Put that on a sticky note and read it often. If you want to get through the holiday season and get even close to being able to enjoy it you have to have some boundaries.

Boundaries about gifts. Food. Time. Location.

It is really ok for you to do the holiday meal at your house instead of Grandma's because you know your child will be more comfortable there. Even though tradition dictates that Grandma hosts dinner.

It is really ok for you to skip on the 20 person celebration because it's too much stimulation for your kid. Or don't take your kid and get a sitter. Even though every single cousin and second cousin you have will be in attendance for the annual singing of (insert your favorite hymn here).

It's ok to say "No - I can't do that". If you really wish you could do a thing but you know it will create insanity in your life, express that.

"I really wish this was different..." And then offer another suggestion. "Could we do this instead....?" Not all boundaries are hard lines in the sand where you stand there like Gandolf and scream - YOU SHALL NOT PASS!

Which leads us to my third strategy -


Maybe it's just me...but we really can take things very seriously. Often a dose of comedy is just what we need to remember perspective in things. And it is perfectly acceptable to use humor when delievering that boundary if it makes sense.

"Mom, you know our holiday celebrations are more Griswold Family Christmas, than It's a Wonderful Life. Let's embrace it!"

Using humor is a way of difusing a potentially uncomfortable situation so that everyone feels more comfortable. You are allowing space that avoids confrontation. People feel more understood, they are likely not trying to piss you off so when you deliever a boundary with humor they realize that you aren't pissed.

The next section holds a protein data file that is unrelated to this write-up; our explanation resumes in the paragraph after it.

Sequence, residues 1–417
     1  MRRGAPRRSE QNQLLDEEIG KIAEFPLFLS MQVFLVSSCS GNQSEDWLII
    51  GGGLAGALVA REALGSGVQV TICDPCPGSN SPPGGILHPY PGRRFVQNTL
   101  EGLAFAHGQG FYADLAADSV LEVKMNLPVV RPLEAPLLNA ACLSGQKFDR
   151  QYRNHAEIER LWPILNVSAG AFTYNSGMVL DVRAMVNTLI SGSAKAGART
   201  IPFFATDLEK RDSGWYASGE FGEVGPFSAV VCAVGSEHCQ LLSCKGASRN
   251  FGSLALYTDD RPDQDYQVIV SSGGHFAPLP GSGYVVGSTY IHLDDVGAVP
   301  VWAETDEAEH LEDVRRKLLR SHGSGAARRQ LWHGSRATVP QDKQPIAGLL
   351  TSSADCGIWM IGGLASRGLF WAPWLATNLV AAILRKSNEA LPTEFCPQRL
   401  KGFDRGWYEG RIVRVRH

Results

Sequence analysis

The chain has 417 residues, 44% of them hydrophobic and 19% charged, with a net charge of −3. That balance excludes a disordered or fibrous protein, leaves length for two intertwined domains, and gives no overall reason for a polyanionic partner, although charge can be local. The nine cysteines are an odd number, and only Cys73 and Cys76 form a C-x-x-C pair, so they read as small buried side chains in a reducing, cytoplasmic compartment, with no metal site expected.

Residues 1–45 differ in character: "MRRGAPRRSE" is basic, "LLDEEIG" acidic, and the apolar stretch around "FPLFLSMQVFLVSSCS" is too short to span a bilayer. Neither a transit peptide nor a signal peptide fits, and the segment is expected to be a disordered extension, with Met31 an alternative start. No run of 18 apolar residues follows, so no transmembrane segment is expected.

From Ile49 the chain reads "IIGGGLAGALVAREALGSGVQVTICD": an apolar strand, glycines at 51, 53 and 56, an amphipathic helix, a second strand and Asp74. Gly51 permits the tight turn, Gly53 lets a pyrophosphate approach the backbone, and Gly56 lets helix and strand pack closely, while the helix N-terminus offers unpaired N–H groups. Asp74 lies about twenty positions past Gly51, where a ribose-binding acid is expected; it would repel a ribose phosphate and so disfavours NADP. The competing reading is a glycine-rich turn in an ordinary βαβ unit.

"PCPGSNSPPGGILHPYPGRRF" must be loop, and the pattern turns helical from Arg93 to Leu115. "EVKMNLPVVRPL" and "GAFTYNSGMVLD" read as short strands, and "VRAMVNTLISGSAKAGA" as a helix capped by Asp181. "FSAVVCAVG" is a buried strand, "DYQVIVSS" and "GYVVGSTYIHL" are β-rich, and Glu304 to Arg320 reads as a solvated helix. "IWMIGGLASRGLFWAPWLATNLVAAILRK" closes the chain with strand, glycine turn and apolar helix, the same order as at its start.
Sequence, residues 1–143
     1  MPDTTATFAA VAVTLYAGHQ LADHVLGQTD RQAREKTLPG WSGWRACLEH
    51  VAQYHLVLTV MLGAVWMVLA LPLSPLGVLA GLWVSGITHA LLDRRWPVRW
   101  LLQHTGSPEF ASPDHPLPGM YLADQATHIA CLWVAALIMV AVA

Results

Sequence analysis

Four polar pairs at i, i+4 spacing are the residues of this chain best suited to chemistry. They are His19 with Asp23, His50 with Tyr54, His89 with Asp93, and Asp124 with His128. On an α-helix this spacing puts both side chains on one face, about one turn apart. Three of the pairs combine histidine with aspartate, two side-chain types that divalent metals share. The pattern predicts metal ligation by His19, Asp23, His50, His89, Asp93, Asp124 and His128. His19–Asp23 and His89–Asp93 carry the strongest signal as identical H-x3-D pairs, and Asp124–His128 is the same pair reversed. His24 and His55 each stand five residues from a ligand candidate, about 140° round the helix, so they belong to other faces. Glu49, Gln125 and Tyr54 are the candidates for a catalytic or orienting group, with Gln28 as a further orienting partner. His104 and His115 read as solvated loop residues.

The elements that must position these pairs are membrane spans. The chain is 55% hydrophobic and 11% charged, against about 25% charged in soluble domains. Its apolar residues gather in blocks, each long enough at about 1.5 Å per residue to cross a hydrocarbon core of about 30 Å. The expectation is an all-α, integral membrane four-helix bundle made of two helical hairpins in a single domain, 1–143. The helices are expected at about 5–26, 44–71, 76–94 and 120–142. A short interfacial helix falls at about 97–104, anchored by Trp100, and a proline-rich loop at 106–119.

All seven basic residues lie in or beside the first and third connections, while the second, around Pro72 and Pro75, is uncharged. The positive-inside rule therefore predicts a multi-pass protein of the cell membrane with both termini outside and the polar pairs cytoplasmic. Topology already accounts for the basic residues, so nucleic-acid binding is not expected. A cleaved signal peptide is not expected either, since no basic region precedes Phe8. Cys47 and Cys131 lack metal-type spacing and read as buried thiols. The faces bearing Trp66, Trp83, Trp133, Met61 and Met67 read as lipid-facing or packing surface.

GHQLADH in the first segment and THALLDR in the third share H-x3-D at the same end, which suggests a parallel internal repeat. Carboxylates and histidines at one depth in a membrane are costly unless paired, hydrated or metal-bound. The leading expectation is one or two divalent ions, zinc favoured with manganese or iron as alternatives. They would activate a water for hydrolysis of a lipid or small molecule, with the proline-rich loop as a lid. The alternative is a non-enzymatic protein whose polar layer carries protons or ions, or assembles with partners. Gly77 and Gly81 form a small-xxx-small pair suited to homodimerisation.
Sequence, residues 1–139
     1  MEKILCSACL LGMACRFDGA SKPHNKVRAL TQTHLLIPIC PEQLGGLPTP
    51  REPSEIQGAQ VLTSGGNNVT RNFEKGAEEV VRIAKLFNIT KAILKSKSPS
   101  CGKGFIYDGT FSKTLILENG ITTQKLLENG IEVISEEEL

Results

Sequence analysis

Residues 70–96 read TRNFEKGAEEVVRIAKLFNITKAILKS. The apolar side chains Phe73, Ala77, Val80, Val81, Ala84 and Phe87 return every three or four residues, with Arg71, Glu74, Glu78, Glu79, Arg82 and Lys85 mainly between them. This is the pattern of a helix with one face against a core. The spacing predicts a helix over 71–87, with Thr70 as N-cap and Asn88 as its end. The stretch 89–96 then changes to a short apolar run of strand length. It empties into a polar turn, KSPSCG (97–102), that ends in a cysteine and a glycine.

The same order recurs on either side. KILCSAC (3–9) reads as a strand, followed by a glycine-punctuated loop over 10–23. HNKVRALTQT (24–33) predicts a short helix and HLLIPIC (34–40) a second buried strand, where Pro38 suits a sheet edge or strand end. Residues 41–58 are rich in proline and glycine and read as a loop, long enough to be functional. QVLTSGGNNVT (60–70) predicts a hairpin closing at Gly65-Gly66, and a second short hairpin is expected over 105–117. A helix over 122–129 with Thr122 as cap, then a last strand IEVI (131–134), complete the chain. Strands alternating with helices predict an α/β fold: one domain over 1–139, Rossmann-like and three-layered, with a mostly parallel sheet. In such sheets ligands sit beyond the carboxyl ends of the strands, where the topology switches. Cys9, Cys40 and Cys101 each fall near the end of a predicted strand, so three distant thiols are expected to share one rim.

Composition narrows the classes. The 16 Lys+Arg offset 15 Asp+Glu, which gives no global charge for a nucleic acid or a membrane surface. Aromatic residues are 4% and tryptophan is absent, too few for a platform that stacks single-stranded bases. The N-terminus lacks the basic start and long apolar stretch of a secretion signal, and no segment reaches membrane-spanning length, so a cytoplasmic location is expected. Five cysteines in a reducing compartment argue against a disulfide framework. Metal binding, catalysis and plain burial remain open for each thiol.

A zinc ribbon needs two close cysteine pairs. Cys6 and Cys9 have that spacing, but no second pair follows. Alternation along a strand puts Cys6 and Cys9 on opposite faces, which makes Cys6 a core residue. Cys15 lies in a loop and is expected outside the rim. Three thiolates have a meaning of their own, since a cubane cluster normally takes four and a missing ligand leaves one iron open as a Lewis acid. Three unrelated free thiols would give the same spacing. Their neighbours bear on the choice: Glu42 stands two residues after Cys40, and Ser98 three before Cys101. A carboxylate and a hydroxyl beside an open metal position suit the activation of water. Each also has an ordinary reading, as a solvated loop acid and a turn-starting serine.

It also makes it less likely that someone will resist the boundary and push. Which makes everything more positive and celebrations can contunue!

Pass the wine!

You know at the end of the day this is really just about being flexible and willing. For both you and your extended families. I know these things don't always happen smoothly. But I do know celebrating the holidays in a way that actually feels good instead of creating unwanted stress improves the quality of your life. And the lives of everyone in your family.

As I continue on my journey finding ways to authentically connect with what I decide to do is becoming increasingly important. I WANT to spend holidays with my family. And I want to enjoy that time. If I can't enjoy it, why do it?

If you need some help coming up with some ideas for how to make things work book an independent consulation today! We can brainstorm the hell out of this! LOL

And if this is something that you are deeply struggling with reach out for some coaching services. Even if you don't work with me get some help with this. There are all sorts of resources to explore depending on your need.

You have one life, do what you can to make it pleasant.

Happy Holidays!